First-Ever Ag Fest Held in York County
Agriculture is the heart of Nebraska. As the stateâ€™s leading industry, the impact goes far beyond our food supply, providing jobs, significantly contributing to our stateâ€™s economy and touching the lives of citizens every day.Â
For the first time ever, Nebraska Extension in York and Polk Counties hosted two Ag Literacy Festivals, called Ag Fest, at the York County fairgrounds for more than 250 fourth grade students.
The goal of the field day experience was to introduce students from diverse backgrounds to the basic concepts of ag production and the significance of agriculture in Nebraska. Students were immersed in ag through 25-minute, interactive sessions based on the following topics:
Beef Production â€“ Brock Ekhoff & Dan Crawford
Dairy Production â€“ Melissa Konecky, Nebraska Extension & Jason Nuttleman
Corn & Soybean Production â€“ Jenny Rees, Nebraska Extension
Ag Safety â€“ Brandy VanDeWalle & Rachel Olsen, Nebraska Extension
Food Science â€“ Amy Peterson, Nebraska Extension
Ag By-products â€“ Megan Burda & Colleen Pallas, Nebraska Extension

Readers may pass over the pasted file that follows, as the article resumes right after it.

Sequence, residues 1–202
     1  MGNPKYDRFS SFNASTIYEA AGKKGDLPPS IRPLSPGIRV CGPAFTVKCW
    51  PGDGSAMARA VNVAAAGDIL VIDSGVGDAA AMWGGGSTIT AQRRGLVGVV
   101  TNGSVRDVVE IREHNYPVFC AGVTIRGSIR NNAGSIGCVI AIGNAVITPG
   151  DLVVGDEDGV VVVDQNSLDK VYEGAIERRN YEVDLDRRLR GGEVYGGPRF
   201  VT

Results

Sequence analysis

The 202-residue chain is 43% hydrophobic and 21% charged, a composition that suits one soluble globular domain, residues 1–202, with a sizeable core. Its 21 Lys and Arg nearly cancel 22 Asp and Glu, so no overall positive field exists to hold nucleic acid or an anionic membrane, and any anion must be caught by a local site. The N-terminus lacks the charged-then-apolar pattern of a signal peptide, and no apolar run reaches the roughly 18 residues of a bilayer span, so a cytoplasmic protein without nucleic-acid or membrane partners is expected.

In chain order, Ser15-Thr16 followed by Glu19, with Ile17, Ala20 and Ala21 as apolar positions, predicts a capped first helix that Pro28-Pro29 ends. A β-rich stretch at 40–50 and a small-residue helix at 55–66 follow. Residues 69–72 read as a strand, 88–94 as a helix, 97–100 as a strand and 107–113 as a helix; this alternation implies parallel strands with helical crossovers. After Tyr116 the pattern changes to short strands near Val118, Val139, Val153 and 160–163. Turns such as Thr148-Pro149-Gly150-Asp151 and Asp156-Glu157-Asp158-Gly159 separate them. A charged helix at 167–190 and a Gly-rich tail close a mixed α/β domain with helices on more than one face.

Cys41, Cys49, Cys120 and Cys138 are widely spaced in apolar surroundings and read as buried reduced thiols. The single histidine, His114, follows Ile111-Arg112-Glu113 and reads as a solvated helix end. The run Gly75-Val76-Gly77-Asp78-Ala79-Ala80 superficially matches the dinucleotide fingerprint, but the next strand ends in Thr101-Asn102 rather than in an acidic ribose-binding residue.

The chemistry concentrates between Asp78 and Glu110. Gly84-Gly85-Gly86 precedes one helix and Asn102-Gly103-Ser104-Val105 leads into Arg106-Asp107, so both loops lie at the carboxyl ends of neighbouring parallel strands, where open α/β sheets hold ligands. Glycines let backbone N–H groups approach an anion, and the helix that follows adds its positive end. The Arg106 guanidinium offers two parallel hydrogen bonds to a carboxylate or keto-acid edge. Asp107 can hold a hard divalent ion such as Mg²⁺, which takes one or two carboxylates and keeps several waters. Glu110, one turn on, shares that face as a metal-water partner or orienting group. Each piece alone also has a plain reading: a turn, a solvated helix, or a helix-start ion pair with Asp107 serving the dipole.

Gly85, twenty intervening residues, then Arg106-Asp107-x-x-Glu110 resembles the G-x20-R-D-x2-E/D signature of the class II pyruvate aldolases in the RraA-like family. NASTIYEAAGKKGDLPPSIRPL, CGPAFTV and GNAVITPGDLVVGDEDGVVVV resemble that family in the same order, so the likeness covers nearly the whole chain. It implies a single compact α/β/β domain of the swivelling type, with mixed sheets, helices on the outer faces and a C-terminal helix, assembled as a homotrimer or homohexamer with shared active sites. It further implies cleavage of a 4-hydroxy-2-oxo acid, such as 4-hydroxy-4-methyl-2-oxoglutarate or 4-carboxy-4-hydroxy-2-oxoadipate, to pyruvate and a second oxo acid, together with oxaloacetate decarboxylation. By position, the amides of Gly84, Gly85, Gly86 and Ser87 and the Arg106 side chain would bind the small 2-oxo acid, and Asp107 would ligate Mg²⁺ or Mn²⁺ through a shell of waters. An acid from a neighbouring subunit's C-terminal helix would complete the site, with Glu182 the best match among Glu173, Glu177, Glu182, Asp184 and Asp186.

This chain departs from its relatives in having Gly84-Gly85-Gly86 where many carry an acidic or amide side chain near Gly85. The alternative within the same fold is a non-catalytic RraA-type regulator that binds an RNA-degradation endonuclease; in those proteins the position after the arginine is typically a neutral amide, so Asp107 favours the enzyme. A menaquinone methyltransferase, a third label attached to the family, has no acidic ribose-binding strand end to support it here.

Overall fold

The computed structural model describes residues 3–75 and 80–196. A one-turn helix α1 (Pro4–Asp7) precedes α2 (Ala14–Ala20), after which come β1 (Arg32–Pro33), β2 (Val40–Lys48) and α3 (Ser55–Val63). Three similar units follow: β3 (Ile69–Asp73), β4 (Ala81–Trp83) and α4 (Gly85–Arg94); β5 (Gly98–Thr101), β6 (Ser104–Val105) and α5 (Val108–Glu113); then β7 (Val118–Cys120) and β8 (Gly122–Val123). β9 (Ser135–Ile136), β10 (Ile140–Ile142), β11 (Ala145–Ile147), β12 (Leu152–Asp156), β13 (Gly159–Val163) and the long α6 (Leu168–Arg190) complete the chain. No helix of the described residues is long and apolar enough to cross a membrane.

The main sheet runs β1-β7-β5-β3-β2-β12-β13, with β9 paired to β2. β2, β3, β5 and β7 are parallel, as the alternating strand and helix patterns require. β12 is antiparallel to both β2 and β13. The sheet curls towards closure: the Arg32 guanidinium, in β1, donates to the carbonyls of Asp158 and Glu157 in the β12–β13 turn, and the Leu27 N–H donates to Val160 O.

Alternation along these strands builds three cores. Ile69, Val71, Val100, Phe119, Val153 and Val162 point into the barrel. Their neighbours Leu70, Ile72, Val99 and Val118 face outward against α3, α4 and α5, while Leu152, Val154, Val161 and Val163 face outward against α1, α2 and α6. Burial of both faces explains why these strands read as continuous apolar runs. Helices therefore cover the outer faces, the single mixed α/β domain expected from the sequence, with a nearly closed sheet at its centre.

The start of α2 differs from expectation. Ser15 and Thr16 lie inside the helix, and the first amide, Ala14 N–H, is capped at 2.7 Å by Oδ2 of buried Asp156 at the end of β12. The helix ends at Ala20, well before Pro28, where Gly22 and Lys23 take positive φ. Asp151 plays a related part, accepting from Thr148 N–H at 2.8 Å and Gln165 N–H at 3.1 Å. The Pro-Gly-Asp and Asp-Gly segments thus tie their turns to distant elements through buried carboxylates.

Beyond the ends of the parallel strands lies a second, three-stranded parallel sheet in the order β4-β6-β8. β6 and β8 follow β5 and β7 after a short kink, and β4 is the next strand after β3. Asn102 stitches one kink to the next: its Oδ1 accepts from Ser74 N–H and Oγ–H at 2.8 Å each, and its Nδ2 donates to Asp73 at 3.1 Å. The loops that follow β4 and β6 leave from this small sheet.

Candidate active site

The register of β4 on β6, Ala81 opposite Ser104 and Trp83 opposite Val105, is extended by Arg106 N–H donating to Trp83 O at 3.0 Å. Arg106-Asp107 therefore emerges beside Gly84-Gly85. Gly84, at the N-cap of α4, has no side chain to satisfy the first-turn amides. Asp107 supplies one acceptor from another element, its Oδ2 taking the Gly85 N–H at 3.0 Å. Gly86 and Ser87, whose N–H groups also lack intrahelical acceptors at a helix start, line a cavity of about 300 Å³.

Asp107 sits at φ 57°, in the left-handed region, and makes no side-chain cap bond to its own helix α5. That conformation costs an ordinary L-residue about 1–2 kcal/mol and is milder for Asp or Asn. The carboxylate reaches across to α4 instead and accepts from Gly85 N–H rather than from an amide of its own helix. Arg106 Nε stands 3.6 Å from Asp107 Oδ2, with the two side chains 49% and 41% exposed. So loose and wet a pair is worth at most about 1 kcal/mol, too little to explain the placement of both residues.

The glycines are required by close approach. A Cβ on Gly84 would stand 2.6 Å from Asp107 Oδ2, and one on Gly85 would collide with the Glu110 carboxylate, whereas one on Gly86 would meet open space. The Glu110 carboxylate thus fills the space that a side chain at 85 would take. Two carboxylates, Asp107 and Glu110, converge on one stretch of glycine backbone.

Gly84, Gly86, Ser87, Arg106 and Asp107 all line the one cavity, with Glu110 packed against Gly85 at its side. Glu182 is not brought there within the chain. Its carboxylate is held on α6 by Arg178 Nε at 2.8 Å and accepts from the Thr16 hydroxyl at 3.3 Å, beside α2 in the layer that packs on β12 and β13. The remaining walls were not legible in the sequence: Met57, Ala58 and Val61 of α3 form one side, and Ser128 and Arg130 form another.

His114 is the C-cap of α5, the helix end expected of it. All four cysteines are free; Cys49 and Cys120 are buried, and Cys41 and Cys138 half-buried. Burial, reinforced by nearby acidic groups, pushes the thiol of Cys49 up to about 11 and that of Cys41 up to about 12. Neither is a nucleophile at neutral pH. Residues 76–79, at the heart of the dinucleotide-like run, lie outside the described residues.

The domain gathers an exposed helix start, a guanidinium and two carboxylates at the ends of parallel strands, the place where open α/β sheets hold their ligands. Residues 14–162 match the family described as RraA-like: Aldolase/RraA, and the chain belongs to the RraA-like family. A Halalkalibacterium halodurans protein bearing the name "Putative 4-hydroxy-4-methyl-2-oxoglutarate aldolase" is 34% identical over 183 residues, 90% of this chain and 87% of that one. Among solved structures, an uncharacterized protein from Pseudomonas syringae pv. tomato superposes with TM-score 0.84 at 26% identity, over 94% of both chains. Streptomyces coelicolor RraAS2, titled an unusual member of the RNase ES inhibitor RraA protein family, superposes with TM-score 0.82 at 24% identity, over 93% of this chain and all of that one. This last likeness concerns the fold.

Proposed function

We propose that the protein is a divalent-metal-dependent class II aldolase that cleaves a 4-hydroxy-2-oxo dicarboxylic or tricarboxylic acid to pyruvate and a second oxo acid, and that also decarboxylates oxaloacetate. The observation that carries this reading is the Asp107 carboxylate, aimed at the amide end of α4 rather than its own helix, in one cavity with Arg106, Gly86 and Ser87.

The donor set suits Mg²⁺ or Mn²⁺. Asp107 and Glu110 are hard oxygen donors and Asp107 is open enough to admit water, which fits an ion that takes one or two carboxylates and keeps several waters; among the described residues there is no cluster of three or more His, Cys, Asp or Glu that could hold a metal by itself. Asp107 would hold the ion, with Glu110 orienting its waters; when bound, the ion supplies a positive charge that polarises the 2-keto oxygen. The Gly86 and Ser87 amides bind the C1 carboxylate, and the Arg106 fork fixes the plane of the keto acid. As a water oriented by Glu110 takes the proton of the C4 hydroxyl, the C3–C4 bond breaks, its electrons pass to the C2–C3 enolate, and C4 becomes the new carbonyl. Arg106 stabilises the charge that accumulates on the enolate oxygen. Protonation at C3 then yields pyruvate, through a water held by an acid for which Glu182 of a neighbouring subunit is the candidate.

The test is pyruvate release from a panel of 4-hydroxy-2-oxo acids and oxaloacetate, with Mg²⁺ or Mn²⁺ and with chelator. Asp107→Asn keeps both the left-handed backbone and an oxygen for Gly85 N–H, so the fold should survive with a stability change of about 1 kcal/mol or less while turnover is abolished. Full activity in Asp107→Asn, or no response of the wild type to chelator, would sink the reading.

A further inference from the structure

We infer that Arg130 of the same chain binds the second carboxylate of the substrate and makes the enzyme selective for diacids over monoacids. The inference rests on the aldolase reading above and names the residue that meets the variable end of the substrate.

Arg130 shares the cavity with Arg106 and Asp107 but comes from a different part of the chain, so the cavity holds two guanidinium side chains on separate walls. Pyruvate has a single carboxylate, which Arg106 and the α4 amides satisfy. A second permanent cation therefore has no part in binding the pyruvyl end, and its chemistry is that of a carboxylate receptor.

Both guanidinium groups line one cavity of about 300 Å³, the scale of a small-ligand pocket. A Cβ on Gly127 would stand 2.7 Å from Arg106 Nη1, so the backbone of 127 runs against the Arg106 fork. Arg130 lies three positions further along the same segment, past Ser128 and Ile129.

Ag Technology â€“ Chris Peterson, Plains Equipment & Reggie Raffert, Cross County FFA
Swine Production â€“ Kara Perdue
On Tuesday, October 4th, York County schools attended Ag Fest including York Public, Emmanuel-Faith Lutheran, St. Joseph Catholic School, Heartland, Trinity Lutheran. York FFA members also served as group leaders throughout the day.
Polk County schools attended on Thursday, October 6th, including Cross County, Osceola, High Plains and Polk County Christian School.
â€œIt was great to see all of the students excited and engaged in learning about various aspects of agriculture. These kids were learning that many careers can be connected to the ag industry; for example careers in technology are constantly changing ag production. The best part is knowing that these youth could potentially be the future of ag.â€ says program coordinator, Tanya Crawford (Extension Assistant in York County).
The Ag Fest program was made possible through grant funding provided by the Nebraska Pork Producers and the Nebraska Corn Board. Local sponsors also included York-Hamilton Cattlemen, Grand Central Foods and Polk-Merrick Cattlemen.
Programs like this are important because of the significance of agriculture in Nebraska. According to the Nebraska Department of Agriculture, annually, production agriculture contributes more than $25 billion to Nebraskaâ€™s economy, thanks to Nebraska farmers and ranchers working on 49,100 farms and ranches spread across more than 45 million acres. It is encouraging to see young people learning about where their food comes from. Hopefully this will help them appreciate the impact of the ag industry in our everyday lives.
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